In working with Quantis to assess water risks, Tetra Pak found most of its water consumption came from upstream purchases. This finding helped to form the company’s ‘Approach to Nature’ – a robust framework outlining Tetra Pak’s contribution to halting and reversing nature loss and enhancing water security. Importantly, the approach also includes specific goals to reduce negative impacts on local water resources and to address shared water challenges in at-risk basins. In doing so, these localised measures help tackle global water security.

Collaboration and innovation

Progress on more established sustainability issues, such as the drive towards net zero, has shown the importance of collaboration. These lessons are being applied to water with initiatives such as The Water Resilience Coalition, which brings together 35 global companies aiming to push water resilience to the top of corporate agendas. To date, there are over 20 collective action projects underway to build water resilience in 15 water-stressed river basins. 

As an end-to-end solutions provider, Tetra Pak is well placed to work with manufacturers to reduce their water usage, resulting in both environmental and financial benefits. For example, Liquats Vegetals, a plant-based beverage producer in Catalonia, installed a water filtering station for filling machines and saved 12.9 million litres of water in 2023.

Deploying new technology can also help manufacturers step up to the challenge. The Internet of Things can equip factories with smart sensors to continuously monitor and report on water usage, allowing manufacturers to quickly identify leaks and inefficiencies. While not yet widespread, a trial of this technology in a UK beverage factory led to an 11% reduction in daily water usage.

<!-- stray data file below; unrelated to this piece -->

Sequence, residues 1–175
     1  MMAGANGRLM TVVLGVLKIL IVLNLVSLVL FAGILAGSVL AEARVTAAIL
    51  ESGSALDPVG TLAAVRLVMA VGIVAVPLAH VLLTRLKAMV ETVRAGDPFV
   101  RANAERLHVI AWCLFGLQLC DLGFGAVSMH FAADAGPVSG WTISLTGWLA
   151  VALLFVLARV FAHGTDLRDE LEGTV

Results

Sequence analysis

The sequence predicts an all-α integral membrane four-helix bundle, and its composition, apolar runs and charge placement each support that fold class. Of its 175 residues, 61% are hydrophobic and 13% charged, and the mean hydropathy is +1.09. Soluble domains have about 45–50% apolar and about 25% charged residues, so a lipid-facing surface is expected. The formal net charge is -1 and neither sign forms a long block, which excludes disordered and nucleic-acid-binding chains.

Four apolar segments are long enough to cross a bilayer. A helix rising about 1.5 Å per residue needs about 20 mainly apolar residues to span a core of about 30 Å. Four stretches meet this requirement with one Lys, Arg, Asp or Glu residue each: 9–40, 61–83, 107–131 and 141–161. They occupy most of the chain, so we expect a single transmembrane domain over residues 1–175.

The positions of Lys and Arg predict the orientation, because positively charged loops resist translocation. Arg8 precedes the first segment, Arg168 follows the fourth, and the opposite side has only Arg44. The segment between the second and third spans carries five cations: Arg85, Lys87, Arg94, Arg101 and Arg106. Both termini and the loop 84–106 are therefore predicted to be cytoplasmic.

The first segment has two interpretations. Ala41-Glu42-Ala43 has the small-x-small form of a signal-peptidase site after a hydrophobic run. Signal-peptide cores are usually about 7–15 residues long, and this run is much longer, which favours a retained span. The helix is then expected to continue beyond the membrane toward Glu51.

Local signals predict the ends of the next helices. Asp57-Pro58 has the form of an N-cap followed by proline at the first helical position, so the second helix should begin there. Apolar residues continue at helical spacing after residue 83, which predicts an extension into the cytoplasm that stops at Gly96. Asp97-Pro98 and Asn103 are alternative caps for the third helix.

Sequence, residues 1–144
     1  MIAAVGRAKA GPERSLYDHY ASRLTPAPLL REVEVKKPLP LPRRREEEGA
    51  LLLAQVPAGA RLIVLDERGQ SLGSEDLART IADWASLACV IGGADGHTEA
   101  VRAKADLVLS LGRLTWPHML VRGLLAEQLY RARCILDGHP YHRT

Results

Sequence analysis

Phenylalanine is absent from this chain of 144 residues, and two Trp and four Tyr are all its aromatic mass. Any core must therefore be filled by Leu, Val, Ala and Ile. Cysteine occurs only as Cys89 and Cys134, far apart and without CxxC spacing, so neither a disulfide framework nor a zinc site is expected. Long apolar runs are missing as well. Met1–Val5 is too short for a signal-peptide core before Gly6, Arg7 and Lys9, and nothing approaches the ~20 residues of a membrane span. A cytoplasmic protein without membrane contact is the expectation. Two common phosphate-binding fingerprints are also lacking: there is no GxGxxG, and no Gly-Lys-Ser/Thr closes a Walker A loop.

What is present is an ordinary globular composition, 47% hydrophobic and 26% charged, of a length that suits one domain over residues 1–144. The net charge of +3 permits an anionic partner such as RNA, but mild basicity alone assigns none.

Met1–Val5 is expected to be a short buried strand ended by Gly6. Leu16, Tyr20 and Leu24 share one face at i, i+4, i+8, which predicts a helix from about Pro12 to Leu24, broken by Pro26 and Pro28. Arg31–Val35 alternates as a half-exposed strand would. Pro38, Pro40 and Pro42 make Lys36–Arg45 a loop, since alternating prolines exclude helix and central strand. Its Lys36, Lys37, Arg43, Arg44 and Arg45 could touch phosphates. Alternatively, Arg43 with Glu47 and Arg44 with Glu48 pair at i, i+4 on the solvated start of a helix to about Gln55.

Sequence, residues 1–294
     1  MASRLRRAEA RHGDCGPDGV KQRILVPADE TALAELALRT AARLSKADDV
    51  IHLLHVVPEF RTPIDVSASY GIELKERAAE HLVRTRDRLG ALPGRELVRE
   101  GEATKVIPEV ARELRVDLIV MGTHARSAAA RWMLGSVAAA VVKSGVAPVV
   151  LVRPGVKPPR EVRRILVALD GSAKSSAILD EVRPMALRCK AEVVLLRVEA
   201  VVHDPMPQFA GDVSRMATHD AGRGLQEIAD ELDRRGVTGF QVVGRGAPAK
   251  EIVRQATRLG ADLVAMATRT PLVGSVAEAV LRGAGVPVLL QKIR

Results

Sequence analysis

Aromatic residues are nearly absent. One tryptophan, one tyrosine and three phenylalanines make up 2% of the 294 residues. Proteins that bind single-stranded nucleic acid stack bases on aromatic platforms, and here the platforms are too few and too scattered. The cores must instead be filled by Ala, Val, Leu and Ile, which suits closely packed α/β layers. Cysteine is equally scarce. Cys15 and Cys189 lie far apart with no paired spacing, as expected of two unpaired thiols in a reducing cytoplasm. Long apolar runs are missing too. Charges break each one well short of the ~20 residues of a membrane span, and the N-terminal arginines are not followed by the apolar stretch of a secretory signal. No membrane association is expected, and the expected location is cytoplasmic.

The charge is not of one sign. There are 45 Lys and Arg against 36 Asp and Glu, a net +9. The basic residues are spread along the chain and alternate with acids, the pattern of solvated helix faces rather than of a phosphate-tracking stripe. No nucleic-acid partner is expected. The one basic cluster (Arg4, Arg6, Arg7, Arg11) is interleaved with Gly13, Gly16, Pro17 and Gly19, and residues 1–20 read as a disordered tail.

First mover advantage

Innovating to reduce reliance on natural resources also creates business advantages. Unilever’s ‘Sunlight’ dishwashing liquid, which uses much less water than standard washing liquid, has outpaced category growth by more than 20% in water-scarce markets. Similarly, Nestlé, with funding from the Swiss Agency for Development and Cooperation, has trained around 50,000 farmers on best irrigation practices in Vietnam, saving 50 million cubic metres of water annually and generating over US$8 million in the local economy of smallholder coffee growers.

Progress towards global net zero has picked up speed, but it has taken many years to reach this point. We must learn from this: we do not have the luxury of time when it comes to water. Indeed, there is a cost to inaction, with research highlighting that the cost of mitigating supply chain water risk is almost three times cheaper than that of impact.

Water security has not yet reached the stage of maturity that sustainability focus areas such as climate and biodiversity have, in terms of both commitments and actions. While these problems are by no means ‘fixed’, the private sector must now make room in its sustainability strategy for water. The clock is ticking, and the cost of delay – both financial and environmental – is too high to ignore.

In other news, AB World Foods has recalled several batches of tahini due to the presence of Salmonella.